Electric Vehicles By the Numbers: Past, Present and the Future. - ACDI

Electric Vehicles By The Numbers; Past, Present and Future.

By Mark Hart

In 2021, roughly 4.6% of new light passenger vehicle sales in the US were electric vehicles (EVs), including both full battery electric (BEVs) and plug-in hybrid EVs (PHEVs). While less than 5 out of 100 new vehicles purchased being electric may not sound impressive, this EV sales share is nearly double the 2.4 percent from 2020 — and up from 0% in 2010. So, where do EVs sit in the market today, how far have we come, and what does the future look like for EVs in the US? In this first article of an ongoing series about EVs and, more specifically, the role of EV charging, I’ll dive into “EVs by the numbers” to set the foundation for future articles.

2010 To 2021: Slow and Steady Growth

Electric vehicles were the more popular powertrain for cars back in the late 1800s and early 1900s until gas-powered vehicles dominated the market in the 1920s. Electric vehicles then disappeared until a few models were introduced as trial balloons and experiments in the 1980s, 1990s, and early parts of this century. But it wasn’t until the Tesla Roadster in 2008 and then the introduction of the Chevrolet Volt PHEV and Nissan LEAF BEV in late 2010 that launched the modern and current era of electric vehicles in the US.
In the first full year of availability for the Volt and LEAF in the US, sales reached just over 16,000 units and it wasn’t until 2014 when EV sales first broke the century marker with nearly 117,000 in sales. While sales then grew gradually with the introduction of new EV models, it wasn’t until 2018 and the first full year of production for the Tesla Model 3 that sales took a massive jump of 75% over 2017. Despite more new EV models, sales remained flat until the Tesla Model Y and Model 3 took off in 2021, with the two models combining for roughly 50% of US EV (both BEV and PHEV) sales.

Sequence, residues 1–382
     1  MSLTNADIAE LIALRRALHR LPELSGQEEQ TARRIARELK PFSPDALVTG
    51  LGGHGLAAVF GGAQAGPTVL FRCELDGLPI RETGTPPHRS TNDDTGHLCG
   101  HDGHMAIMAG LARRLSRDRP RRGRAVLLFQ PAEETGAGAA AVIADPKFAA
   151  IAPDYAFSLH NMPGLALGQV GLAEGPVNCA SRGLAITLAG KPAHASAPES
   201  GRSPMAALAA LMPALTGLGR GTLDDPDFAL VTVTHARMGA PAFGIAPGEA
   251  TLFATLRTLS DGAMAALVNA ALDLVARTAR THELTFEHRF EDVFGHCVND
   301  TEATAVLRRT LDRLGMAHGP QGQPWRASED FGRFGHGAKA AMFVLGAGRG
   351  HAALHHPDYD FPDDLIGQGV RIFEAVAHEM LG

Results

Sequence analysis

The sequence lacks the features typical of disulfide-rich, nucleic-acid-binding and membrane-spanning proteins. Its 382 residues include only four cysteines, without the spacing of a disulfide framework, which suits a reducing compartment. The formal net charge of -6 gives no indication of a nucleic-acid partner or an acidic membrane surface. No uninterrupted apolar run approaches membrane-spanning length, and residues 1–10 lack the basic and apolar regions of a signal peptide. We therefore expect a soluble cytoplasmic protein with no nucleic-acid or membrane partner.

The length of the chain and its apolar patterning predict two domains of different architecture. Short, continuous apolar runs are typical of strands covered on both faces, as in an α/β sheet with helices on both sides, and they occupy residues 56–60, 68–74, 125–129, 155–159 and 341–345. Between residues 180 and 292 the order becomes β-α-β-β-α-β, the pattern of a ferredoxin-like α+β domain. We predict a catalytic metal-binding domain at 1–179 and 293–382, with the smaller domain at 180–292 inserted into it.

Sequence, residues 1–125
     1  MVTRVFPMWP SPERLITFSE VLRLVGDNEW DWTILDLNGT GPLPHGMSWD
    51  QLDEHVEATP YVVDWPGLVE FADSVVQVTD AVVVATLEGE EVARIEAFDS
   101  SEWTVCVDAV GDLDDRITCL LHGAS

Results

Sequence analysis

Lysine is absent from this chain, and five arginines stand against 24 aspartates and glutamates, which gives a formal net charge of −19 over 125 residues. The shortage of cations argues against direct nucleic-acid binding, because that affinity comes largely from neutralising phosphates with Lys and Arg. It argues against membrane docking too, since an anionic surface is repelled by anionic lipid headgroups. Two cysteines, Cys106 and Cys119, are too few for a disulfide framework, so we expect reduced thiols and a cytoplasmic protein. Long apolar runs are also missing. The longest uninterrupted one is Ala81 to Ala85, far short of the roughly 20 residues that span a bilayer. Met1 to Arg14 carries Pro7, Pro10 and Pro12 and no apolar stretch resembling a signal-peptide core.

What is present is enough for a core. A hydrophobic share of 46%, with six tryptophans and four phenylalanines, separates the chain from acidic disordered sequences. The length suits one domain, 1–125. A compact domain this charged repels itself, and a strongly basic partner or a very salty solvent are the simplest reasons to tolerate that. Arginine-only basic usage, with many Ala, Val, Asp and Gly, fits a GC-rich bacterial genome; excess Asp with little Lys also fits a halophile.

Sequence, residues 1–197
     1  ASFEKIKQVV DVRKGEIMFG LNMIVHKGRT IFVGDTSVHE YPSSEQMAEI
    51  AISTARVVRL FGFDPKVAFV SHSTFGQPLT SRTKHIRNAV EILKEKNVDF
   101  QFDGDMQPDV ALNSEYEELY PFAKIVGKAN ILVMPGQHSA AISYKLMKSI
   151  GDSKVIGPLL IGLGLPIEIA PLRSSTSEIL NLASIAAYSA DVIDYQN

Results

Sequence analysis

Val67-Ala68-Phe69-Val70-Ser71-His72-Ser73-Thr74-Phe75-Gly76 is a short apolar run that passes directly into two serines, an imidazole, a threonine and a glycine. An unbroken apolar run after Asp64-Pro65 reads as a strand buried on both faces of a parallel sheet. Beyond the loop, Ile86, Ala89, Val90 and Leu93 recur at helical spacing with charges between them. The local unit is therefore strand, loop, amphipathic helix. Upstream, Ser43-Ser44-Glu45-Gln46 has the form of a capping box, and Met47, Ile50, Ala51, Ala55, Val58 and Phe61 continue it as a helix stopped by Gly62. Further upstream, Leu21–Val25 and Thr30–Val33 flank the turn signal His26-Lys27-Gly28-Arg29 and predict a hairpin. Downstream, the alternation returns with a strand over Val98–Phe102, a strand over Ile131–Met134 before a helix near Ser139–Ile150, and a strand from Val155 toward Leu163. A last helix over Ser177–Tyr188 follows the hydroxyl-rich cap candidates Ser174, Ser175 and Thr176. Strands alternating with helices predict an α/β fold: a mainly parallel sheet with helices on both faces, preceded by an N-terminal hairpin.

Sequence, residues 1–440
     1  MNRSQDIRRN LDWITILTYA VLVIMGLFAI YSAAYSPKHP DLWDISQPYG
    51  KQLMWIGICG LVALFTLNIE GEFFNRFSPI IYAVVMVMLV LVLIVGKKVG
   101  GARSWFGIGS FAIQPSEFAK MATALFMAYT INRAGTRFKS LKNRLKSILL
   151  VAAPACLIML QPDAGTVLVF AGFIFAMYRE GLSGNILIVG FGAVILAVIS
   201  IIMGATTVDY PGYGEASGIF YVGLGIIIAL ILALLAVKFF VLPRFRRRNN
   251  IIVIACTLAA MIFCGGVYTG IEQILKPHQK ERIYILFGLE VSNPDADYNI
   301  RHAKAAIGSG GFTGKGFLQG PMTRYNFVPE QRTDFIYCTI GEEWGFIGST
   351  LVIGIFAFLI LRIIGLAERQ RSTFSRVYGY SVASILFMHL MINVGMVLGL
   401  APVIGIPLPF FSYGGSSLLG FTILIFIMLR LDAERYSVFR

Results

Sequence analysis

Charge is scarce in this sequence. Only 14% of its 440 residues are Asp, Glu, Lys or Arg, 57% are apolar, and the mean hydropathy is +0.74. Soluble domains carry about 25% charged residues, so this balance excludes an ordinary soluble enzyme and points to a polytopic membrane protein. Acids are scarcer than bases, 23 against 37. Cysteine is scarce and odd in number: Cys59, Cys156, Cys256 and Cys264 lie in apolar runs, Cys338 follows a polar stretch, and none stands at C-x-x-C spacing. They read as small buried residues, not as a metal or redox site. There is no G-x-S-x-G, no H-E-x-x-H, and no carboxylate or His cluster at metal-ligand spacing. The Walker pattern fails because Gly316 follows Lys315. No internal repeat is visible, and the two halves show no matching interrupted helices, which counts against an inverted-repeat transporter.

2022: EV Sales To Double Again — Supply Chain Issues Withstanding

With EV sales doubling in 2021 versus 2020, a key question is: Will the US see this level of growth again in 2022? Even though 2022 started from a significantly larger base than 2021, several factors should continue this sales trend. A major driving force is the introduction of several new EVs, including the Hyundai IONIQ 5, Kia EV6, and Ford F-150 Lightning, along with several automakers scaling up production of existing EVs such as the Tesla Model Y and Model 3, Ford Mustang Mach E, and Volkswagen ID.4 among others.
The Lightning, the fully-electric version of the F-150 pickup — the number-one-selling vehicle in the US for 40 straight years — portends to be a game-changer for EVs in America. The Lightning signals to mainstream, truck-loving Americans that EVs are not just souped-up electric golf carts but serious vehicles that can be used for work, off-roading, and power electric tools and even back up your home when grid power goes out.